Music Monday: Hounds of Love by Kate Bush

List item: Listen to the 250 greatest albums
Progress: 16/250

Hounds_of_loveTitle: Hounds of Love
Artist: Kate Bush
Year: 1985
Position: #162 (Previously: #197)

I need to ration my coverage of female singers. As someone who listens to women almost exclusively this is something of an annoyance. Thing is on this consensus list of albums there are not a lot of women who feature within the Top 250. I have already used up both of the PJ Harvey albums and now is time for me to use up the only Kate Bush entry. The great thing about Hounds of Love being that in essence you are looking at two mini-albums with the vinyl A-side being titled Hounds of Love and the B-side being a concept album called The Ninth Wave.

The first five tracks aka Hounds of Love plays like a miniature greatest hits with ‘Running Up That Hill’ and ‘Hounds of Love’ acting as the ultimate one-two punch. I don’t care what people say about The Futureheads cover of ‘Hounds of Love’ being better than the original, you are wrong and that is all I have to say on the matter. ‘The Big Sky’ is a big song celebrating the joie de vivre that children get from things like spending all day staring at the clouds and then you get ‘Mother Stands For Comfort’ which is Kate Bush starting to toe the line a bit more between experimental and radio-friendly.

Now, whilst people will turn to the first two tracks of the album to pick a favourite I have to say that I am torn between two rather different ones. The first is ‘Cloudbusting’ which tells a story of the relationship between psychoanalyst Wilhelm Reich and his son Peter. The ‘cloudbuster’ was a rather odd machine invented by Reich in order to make rain and in the rather brilliant video (featuring Bush as a young boy and Donald Sutherland as her father) they even recreate a simplified cloudbuster. The reason that this song works so well is because of both the strong undercurrent of cello that drives the melody (somewhat ferociously at times) and the bittersweet lyrics. The son begins to realize, possibly for the first time, that his father may be in the wrong about something as the government come to cart him away. The moment that she sings the lines “cloudbusting daddy” breaks you heart just a little bit since it does mark the loss of some sort of innocence.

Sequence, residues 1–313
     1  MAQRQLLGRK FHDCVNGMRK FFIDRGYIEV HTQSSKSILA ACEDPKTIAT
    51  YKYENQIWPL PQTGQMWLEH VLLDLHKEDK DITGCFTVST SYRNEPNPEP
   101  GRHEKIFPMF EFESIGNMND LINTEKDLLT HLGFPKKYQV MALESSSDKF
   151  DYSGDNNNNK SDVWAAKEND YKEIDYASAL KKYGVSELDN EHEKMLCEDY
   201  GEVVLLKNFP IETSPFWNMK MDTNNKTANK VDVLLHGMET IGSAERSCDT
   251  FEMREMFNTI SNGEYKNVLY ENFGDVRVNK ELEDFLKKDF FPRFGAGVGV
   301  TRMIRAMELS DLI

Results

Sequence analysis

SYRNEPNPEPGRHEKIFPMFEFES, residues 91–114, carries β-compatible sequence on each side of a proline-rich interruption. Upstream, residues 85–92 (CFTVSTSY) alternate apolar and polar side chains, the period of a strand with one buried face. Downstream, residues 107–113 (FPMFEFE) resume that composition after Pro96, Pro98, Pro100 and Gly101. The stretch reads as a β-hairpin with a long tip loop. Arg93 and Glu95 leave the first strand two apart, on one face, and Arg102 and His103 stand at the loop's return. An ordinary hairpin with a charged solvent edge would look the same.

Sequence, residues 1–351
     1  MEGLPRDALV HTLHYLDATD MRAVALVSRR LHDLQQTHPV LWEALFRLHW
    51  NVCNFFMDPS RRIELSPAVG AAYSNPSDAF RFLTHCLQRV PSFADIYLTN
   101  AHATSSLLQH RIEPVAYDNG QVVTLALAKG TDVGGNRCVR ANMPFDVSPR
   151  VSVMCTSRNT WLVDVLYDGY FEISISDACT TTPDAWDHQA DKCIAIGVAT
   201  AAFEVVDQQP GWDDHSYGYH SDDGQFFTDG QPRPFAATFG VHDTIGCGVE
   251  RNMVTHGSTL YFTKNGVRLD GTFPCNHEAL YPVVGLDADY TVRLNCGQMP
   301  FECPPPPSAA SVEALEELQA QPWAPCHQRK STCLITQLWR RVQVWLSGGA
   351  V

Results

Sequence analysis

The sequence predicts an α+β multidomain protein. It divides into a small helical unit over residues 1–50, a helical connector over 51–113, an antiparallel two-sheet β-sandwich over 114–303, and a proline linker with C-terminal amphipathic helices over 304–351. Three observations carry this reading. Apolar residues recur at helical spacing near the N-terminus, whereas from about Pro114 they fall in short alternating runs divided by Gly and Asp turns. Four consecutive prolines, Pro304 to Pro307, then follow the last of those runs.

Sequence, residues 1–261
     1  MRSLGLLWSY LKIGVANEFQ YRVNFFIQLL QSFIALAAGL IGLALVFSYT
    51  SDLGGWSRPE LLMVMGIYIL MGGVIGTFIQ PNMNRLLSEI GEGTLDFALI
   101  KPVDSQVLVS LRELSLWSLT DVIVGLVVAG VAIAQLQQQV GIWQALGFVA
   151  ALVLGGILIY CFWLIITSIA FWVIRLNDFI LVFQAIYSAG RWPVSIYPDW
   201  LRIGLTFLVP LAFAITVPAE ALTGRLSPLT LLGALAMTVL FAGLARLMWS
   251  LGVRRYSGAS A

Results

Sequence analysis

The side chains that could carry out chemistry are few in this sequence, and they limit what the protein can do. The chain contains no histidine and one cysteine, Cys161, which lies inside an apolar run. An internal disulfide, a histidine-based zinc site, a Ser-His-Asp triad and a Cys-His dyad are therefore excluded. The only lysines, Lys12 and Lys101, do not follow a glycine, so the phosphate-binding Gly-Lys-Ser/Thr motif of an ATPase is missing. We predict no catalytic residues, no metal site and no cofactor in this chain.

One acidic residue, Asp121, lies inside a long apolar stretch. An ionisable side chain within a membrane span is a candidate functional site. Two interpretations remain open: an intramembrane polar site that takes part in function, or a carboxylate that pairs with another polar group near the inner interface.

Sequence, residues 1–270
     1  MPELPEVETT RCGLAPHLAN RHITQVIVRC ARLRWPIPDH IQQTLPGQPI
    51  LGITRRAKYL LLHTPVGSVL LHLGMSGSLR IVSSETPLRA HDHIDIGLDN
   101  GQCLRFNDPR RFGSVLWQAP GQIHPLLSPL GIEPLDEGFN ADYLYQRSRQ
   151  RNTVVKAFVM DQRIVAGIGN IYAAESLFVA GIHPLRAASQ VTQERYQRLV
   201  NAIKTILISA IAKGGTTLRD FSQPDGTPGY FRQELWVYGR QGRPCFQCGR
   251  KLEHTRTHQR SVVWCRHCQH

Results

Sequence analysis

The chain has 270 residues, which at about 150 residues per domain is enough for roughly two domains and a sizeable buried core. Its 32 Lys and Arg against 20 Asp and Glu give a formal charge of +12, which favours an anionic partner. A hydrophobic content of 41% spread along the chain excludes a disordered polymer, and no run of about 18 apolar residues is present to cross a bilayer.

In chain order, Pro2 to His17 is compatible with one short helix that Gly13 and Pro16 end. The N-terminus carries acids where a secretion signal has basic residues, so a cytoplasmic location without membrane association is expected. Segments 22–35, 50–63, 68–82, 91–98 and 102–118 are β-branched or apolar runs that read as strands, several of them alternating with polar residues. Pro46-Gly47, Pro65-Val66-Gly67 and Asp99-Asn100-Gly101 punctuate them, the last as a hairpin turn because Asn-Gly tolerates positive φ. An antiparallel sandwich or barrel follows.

So what is the other favourite song candidate? Well it is a bit of a cheat since it is actually a combination of two songs on the B-Side… but I’ll get to that in a second. Where Hounds of Love is a collection of radio-friendly songs with no real connection The Ninth Wave tells the story of a girl (or woman) having to survive a night after falling through the ice and her survival.

This brings me to ‘Under Ice’ and ‘Waking the Witch’ which together tell the story of the girl skating down a river only to have the ice crack beneath her, her realisation that she’s drowning and then her beginning to succumb to the darkness before being rescued (signalled by the helicopter sounds at the end). This journey is disturbing with demons putting her on trial and condemning her to hell whilst she screams for her life. It’s macabre and it is utterly riveting stuff which is nothing like she has done before or since.

The rest of The Ninth Wave features the girl coming back to life and her eventual waking up. Bush uses her Irish roots as a way to signal this fight for live and within a few tracks manages to do something that Dante took nearly a hundred cantos to do. A journey of a soul travelling (and surviving) through damnation and ascends back to Earth and gets a chance to live again. Without knowing the story behind the tracks The Ninth Wave can be an awkward listen, but some attention paid to the narrative make it incredibly engaging.

As a whole Hounds of Love is one of the most influential albums to come out of the 1980s. The ripples of both this album and The Dreaming (the preceding album which was just a whole heap of amazing experimentation) can be felt to this day since it really helped women to be more accepted as slightly darker pop artists. I know that I probably would not be as into music had this album not influenced every female artist that came afterwards; I therefore owe a lot to this album and the force behind it.


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